By Michael Gelfand, Esq. / Published May 2018
Your association contracted with a contractor. That contractor was provided specifications and the association will pay. But, what happens if the contractor subcontracts with another company and the subcontractor’s negligence causes injuries to a homeowner? Will the association have to indemnify [to secure against or make compensation for hurt, loss, or damage] both companies? Maybe, depending on what the contracts provide. Can the association rely on protection from the subcontractor’s indemnification to the contractor? What language must be included?
A Florida appellate court recently ruled that a subcontractor had a duty to indemnify the contractor for its own negligence in performing excavation work to provide access to underground utility lines, but the subcontractor did not have a duty to indemnify the main contractor. The facts in Blok Builders, LLC v. Katryniok, 43 Fla. L. Weekly D 253 (Fla. 4th DCA, January 31, 2017), indicate that BellSouth contracted with Mastec North America to perform the work necessary to provide access to the underground lines located in neighborhood easements. Mastec subcontracted with subcontractor Blok Builders to perform the excavation work to access the underground utility lines.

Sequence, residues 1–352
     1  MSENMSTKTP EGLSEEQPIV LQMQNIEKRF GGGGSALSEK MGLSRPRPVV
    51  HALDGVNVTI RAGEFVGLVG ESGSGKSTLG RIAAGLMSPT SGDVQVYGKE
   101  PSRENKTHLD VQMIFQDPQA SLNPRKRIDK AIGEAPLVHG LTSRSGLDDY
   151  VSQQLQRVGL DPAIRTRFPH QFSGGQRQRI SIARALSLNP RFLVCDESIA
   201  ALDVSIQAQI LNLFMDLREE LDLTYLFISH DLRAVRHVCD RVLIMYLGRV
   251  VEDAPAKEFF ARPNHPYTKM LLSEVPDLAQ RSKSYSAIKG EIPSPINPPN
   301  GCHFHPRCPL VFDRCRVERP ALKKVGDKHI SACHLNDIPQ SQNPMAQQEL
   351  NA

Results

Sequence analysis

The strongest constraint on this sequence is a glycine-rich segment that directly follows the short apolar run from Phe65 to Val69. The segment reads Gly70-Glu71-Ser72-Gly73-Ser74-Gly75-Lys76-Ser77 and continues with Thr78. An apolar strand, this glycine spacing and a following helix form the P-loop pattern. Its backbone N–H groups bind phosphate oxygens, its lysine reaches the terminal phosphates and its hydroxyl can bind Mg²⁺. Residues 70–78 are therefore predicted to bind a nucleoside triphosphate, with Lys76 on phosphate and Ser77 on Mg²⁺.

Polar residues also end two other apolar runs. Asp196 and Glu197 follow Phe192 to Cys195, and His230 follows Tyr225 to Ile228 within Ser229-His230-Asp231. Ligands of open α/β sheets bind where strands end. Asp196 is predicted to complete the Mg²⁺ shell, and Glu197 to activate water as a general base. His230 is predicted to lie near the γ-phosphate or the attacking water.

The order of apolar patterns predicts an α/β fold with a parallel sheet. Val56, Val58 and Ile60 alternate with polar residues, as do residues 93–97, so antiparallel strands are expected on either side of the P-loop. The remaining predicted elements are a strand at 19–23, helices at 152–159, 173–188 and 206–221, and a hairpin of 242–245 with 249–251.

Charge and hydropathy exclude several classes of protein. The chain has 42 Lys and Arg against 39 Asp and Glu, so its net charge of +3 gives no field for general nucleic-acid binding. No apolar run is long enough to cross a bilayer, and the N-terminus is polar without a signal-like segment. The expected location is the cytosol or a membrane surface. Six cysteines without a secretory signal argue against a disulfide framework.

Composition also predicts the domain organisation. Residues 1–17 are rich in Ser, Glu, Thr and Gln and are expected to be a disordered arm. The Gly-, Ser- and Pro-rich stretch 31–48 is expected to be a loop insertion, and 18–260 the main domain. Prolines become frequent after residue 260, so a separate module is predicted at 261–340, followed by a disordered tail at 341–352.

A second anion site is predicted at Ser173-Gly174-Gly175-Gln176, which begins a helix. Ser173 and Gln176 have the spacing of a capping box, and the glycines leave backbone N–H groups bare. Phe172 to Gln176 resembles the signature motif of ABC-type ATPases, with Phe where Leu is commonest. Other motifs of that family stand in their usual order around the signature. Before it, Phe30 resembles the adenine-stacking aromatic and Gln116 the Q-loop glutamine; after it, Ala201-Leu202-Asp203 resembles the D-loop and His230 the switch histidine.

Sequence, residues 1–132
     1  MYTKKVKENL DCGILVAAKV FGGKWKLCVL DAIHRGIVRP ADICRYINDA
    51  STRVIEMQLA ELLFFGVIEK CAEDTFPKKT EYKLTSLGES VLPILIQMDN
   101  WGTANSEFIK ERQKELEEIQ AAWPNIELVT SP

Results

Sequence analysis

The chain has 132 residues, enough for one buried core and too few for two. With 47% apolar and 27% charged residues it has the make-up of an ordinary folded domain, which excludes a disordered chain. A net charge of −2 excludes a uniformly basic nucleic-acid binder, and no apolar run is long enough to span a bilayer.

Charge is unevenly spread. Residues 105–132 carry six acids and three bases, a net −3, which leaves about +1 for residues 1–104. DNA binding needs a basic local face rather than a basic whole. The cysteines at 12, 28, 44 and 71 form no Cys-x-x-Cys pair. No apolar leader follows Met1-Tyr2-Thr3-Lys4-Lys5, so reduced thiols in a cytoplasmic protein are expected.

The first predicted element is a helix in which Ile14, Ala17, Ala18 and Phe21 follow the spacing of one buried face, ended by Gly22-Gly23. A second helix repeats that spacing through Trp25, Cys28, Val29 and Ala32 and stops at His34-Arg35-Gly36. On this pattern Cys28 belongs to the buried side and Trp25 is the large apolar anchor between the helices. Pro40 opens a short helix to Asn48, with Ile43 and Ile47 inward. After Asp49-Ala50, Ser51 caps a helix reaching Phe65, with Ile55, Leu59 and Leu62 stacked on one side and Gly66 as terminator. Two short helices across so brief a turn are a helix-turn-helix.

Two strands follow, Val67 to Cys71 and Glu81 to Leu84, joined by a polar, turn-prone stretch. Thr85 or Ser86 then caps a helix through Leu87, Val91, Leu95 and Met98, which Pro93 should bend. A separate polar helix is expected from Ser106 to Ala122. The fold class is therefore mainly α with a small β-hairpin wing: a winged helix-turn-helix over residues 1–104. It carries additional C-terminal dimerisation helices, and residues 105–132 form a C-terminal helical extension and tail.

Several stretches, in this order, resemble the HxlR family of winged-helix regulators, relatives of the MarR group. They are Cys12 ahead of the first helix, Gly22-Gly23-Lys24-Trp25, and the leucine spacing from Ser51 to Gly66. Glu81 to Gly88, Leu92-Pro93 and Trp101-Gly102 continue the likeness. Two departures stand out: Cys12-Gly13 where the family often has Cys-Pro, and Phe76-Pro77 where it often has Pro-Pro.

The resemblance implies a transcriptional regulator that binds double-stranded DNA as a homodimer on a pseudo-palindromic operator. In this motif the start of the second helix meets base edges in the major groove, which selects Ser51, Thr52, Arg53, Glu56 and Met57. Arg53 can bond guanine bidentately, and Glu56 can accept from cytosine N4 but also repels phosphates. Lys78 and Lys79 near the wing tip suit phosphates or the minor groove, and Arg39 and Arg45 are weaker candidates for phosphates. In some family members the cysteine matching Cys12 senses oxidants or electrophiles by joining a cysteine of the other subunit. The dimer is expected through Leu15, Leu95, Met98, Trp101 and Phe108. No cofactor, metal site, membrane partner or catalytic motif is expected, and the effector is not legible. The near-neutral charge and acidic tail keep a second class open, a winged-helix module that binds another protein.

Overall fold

After Blok performed excavation near a driveway in one of the neighborhoods, a homeowner was injured after falling when his driveway collapsed. The homeowner sued Blok, Mastec, and BellSouth for damages. Mastec and BellSouth filed claims against Blok for indemnification pursuant to Mastec’s contract with Blok.
This is where contract reading becomes important, perhaps unfortunately in retrospect for the losing party. The court quickly moved to read the contract between Mastec and Blok, which provided that Blok indemnify Mastec for Mastec’s own negligence as follows: